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Mark Dweck

Evolved Study

Wednesday 18th April 2018

Heart Valve Voice is helping to support an important study being performed by clinicians in Edinburgh, including Chief Investigator Mark Dweck, Senior Lecturer & Consultant Cardiologist, University of Edinburgh and Edinburgh Heart Centre.

The study will investigate whether earlier treatment will lead to better outcomes in patients. The focus of the study will be patients with severe aortic stenosis and scarring of the heart muscles and whether treating them early on, before waiting for symptoms to develop will improve their long term outcomes as opposed to the current approach of waiting for symptoms to develop.

Basing assessment on symptoms can be tricky as often patients present with a number of other medical conditions and limited mobility. The study will employ techniques that will provide an objective way of detecting that a heart is on the pathway to failure. They have determined the best technique for assessing a patient’s risk of heart failure is using an MRI technique that provides visual images of scarring of the heart muscle.

“We are really glad to have patient organisations like Heart Valve Voice support us on this study that we hope will provide patients with valve disease more options for an improved patient pathway,” said Mark Dweck. “We have seen through our experience that scarring of the heart appears to be an earlier sign of a struggling heart that develops before symptoms and we think that operating at that earlier stage might lead to less heart damage and better patient outcomes in the long term.”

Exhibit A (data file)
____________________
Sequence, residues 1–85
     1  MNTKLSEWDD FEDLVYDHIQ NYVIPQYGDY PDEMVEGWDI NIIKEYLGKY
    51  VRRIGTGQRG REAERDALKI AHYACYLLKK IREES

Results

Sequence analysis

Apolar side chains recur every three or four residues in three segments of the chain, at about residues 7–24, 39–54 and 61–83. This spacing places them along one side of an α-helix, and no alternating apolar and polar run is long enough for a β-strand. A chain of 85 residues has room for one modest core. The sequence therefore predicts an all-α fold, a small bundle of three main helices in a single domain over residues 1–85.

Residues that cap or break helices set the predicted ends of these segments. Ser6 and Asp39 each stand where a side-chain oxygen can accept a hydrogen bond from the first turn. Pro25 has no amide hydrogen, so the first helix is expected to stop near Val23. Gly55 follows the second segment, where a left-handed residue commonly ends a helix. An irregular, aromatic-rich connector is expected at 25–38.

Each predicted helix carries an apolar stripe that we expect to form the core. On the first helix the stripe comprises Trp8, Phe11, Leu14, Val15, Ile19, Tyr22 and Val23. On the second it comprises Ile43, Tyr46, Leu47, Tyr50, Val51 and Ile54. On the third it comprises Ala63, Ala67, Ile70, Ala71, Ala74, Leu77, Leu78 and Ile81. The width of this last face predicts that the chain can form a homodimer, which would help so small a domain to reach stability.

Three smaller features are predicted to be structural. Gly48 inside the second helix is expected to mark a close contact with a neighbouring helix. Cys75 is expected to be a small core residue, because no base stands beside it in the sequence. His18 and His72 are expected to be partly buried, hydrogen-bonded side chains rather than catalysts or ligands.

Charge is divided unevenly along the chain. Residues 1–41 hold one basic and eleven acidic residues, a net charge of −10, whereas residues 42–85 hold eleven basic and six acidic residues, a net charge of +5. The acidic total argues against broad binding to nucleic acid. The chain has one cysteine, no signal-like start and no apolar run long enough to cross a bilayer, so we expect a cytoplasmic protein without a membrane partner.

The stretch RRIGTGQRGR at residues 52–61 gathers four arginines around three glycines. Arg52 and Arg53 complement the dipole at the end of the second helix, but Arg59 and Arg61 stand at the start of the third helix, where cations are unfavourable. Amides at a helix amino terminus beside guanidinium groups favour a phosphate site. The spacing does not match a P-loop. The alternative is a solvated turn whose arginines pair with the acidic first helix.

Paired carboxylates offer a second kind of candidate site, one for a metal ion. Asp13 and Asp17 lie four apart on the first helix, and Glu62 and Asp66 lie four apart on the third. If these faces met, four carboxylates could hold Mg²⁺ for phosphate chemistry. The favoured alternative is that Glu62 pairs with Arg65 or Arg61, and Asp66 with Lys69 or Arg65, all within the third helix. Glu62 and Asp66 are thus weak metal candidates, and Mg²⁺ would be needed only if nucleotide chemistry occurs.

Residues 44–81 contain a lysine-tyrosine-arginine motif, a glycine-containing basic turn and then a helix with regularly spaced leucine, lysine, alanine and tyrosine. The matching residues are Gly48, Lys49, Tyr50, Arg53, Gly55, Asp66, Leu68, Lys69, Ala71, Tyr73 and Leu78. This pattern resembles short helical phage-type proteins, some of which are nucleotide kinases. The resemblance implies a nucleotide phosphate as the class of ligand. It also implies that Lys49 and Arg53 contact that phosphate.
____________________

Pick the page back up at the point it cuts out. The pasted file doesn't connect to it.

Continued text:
This study will be a groundbreaking for patients if it means they no longer have to wait years for their inevitable treatment. At Heart Valve Voice, we often hear from clinicians that patients present at surgery or on the cathlab after waiting too long to receive their treatment. This has a great affect on not only their patient outcomes but also their patient experience. As a result, studies like this can only prove to be beneficial for patients and provide a better insight into the treatment of valve disease.

“I had to wait nine years between my diagnosis and treatment for my aortic stenosis,” said Marina McGrath, Heart Valve Voice Patient Ambassador. “I was working full time as a midwife when I was diagnosed and the constant worry about my condition and my symptoms worsening took their toll on me. Knowing that studies like this will help clinicians understand when treatment should occur can only be a good thing, and this will ultimately help reassure patients. My health deteriorated quickly but I was lucky to have excellent treatment and I’m now back at work. I think it’s really exciting that Heart Valve Voice are supporting patient focused studies like this.”

The study is now recruiting for patients from heart centres across the UK. For more information please see here or contact the trial manager on evolved.trial@ed.ac.ukor the Chief Investigator Dr Marc Dweck marc.dweck@ed.ac.uk.